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North Korea's ICBM fires up fears in South for US alliance

picture released from North Korea's official Korean Central News Agency (KCNA) shows North Korea's intercontinental ballistic missile (ICBM), Hwasong-14 being lauched at an undisclosed place in North Korea on July 29, 2017.

[SEOUL] North Korea's latest missile test has extended the range of its weapons to much of mainland US and raised a new fear in the South: would Washington protect Seoul when that could put American cities in danger?

The US is security guarantor for the democratic and capitalist South, where 28,500 US troops are stationed to defend it from Pyongyang after the 1950-53 Korean War ended with a ceasefire instead of a peace treaty.

The alliance with Seoul has also been a key pillar of Washington's geopolitical strategy in Asia, where China is increasingly flexing its muscles as it seeks military clout commensurate with its economic might.

But last week's intercontinental ballistic missile (ICBM) test put major US cities including Chicago and Los Angeles within range of a potential attack from the nuclear-armed North.

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Now South Korean media and experts fear that could cast a cloud over US commitment to the alliance, long described as "rock solid" by both sides.

"Would the Trump administration protect us from an attack from the North when doing so could risk putting the US in danger of a nuclear attack?" JoongAng Ilbo, a major Seoul newspaper, said in an editorial.

It was only "a matter of time" before the North develops a fully-operational, nuclear-tipped missile capable of hitting the US, it said.

And at that point, it concluded gloomily, the answer "may not be yes".

There remain doubts whether the North has mastered the technology needed for a missile warhead to survive re-entry into the Earth's atmosphere, or if it can miniaturise a nuclear weapon to fit into a nose cone.

But it claims to have done so, and has undoubtedly made rapid technological advances since Kim Jong Un came to power in 2011, with the young leader overseeing three nuclear tests and a string of missile launches.

The North has for decades demanded the US sign a peace treaty with Pyongyang and withdraw its troops from the South.

Visiting US politicians always pledge that Washington is committed to the alliance - Vice-President Mike Pence, who toured the Demilitarized Zone that divides the two Koreas in April, called it "ironclad and immutable".

But South Korea's top-selling daily Chosun Ilbo questioned those reassurances following the ICBM test.

It was "hard to expect the US to help the South" if that risked a nuclear attack on America, it said in an editorial Monday, and followed up Tuesday warning: "The worst-case scenario is US troops withdrawing from the Korean peninsula.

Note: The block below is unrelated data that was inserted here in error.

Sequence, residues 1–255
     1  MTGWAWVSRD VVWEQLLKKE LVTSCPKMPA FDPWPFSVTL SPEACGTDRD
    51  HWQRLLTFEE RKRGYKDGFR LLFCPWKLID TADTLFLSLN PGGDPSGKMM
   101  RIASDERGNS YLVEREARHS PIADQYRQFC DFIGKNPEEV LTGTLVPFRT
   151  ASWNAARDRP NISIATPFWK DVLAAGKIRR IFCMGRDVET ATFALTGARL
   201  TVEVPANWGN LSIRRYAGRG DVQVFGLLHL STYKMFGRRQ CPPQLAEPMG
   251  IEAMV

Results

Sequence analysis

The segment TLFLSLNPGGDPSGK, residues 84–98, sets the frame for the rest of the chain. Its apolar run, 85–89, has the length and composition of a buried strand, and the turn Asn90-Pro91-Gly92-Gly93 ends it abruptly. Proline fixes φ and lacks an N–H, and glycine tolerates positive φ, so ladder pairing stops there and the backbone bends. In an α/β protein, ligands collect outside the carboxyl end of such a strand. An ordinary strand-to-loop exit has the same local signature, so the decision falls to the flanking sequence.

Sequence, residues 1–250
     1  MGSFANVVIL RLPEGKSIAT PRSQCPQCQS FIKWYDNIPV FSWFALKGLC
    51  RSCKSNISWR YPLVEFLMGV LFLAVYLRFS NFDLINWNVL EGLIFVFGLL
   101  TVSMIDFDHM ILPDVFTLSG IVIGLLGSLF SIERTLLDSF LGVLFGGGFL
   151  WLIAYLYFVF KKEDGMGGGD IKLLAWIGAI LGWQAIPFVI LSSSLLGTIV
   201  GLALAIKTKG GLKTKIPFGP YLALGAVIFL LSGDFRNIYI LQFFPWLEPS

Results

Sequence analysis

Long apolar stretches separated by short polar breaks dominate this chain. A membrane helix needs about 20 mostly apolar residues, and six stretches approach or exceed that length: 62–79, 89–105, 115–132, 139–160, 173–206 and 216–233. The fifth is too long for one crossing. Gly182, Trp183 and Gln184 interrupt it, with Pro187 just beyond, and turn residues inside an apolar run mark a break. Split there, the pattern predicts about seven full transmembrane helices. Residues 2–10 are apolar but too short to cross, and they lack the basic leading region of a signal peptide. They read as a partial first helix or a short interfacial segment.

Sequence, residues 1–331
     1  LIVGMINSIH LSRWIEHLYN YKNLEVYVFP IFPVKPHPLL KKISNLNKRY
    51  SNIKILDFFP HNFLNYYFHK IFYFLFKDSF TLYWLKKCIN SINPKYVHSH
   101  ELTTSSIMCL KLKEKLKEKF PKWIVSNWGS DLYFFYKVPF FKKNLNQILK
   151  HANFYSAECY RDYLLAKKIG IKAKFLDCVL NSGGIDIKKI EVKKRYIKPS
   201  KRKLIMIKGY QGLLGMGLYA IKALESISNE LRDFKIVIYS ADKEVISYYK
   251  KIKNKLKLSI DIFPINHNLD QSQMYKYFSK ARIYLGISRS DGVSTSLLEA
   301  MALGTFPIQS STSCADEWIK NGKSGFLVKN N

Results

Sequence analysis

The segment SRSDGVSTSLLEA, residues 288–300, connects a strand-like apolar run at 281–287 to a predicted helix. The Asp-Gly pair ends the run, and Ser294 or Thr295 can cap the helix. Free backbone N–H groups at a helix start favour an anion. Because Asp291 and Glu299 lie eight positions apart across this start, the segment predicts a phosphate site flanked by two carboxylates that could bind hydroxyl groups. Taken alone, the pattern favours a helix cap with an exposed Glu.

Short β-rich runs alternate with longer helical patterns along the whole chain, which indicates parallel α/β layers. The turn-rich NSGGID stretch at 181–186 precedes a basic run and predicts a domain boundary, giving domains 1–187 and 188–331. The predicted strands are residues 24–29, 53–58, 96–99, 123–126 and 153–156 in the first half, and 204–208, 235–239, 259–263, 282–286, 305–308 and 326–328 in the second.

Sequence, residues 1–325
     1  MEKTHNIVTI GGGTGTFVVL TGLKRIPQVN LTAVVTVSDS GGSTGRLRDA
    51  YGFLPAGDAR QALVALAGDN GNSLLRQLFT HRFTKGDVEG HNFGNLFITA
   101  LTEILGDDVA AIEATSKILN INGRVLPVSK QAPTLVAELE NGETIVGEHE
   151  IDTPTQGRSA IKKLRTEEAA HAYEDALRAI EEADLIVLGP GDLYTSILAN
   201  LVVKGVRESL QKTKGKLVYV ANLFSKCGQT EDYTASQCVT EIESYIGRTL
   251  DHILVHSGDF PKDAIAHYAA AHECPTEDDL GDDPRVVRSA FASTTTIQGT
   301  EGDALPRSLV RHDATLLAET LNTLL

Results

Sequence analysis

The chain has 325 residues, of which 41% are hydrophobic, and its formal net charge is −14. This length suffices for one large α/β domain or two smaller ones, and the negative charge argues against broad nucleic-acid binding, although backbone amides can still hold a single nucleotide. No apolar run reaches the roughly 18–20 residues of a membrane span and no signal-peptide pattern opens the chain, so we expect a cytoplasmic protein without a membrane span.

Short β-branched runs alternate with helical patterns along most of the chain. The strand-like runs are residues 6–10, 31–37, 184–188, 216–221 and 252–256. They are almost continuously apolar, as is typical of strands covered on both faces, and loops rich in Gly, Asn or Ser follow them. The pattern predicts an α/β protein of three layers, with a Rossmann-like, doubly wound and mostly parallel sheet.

"That is what North Korea ultimately wants," it added. "For South Koreans who have grown used to decades of protection from the US Forces Korea, that prospect is almost unimaginable. But the reality is that things are heading in that very direction."


At the same time, South Koreans fear the possibility of a pre-emptive strike by the US against the North, which could trigger devastating consequences even without Pyongyang resorting to nuclear weapons.

It has massed conventional artillery within range of Seoul, which could inflict catastrophic damage on the capital before being neutralised.

The US has hardened its stance over the North since Friday's test, with its ambassador to the UN, Nikki Haley, saying: "The time for talk is over."

Influential US Senator Lindsey Graham said on Tuesday that President Donald Trump had told him he would go to war to prevent Pyongyang developing a long-range nuclear-armed missile, even if that meant disaster for the peninsula.

"He's got to choose between homeland security and regional stability," Graham said in an interview with NBC.

"If there's going to be a war to stop him, it will be over there. If thousands die, they're going to die over there. They're not going to die here. And he has told me that to my face."

Experts say a months-long conflict on the Korean peninsula, even using only conventional arms, could leave a million dead or injured before US and South Korean forces prevailed.

Secretary of State Rex Tillerson later insisted the US was not trying to topple the Kim regime. "We are not your enemy. We're not your threat, but you are presenting an unacceptable threat to us, and we have to respond," he said.

Jeung Young Tae, director of military studies at the South's Dongyang University, said Pyongyang had crossed a "red line" with its latest missile achievements.

"Whether we want it or not, the risk of unilateral military action by the US cannot be ruled out at this point," Mr Jeung told AFP. The possibility of a military conflict was "bigger than ever before", he added.

Some observers fear an "August crisis".

Later this month the South and US are due to begin an annual joint army drill long criticised as a rehearsal for invasion by the North - which could respond with a major provocation.